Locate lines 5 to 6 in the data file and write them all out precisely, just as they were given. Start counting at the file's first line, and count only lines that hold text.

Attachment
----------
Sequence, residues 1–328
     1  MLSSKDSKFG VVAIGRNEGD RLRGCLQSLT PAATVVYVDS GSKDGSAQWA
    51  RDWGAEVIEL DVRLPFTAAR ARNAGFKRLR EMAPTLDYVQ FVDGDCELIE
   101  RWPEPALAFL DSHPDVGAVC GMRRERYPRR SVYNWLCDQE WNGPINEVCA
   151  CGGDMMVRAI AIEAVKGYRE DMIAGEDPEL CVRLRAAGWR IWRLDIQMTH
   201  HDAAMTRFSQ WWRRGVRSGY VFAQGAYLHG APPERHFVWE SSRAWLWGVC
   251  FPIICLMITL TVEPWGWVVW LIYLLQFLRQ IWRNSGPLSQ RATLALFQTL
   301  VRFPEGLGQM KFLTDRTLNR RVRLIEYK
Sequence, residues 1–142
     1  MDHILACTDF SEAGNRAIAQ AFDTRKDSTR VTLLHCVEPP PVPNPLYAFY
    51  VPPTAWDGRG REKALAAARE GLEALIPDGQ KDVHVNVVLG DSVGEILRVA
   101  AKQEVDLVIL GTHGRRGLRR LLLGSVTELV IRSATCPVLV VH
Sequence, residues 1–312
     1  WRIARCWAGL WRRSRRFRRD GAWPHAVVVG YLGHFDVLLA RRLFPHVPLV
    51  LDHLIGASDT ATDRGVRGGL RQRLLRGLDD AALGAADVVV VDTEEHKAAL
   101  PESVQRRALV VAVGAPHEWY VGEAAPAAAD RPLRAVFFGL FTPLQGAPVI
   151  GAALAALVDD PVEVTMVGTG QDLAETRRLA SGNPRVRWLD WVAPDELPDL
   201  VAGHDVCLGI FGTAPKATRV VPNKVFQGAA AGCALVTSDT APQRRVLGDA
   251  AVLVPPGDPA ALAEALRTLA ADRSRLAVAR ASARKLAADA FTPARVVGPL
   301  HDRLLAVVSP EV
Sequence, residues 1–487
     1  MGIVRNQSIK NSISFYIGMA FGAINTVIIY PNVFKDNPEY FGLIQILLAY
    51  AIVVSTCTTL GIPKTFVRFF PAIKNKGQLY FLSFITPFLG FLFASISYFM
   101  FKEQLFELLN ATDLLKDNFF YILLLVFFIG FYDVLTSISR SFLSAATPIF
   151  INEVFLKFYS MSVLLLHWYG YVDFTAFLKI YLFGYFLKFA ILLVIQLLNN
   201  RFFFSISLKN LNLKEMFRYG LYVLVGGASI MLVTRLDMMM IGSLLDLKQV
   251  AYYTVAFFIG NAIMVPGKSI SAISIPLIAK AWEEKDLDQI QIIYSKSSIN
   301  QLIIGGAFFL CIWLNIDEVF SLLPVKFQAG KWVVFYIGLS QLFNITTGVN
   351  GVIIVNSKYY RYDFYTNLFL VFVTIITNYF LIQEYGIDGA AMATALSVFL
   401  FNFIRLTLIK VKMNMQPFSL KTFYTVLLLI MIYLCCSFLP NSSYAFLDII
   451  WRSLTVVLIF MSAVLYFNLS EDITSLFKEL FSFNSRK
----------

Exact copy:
   151  CGGDMMVRAI AIEAVKGYRE DMIAGEDPEL CVRLRAAGWR IWRLDIQMTH
   201  HDAAMTRFSQ WWRRGVRSGY VFAQGAYLHG APPERHFVWE SSRAWLWGVC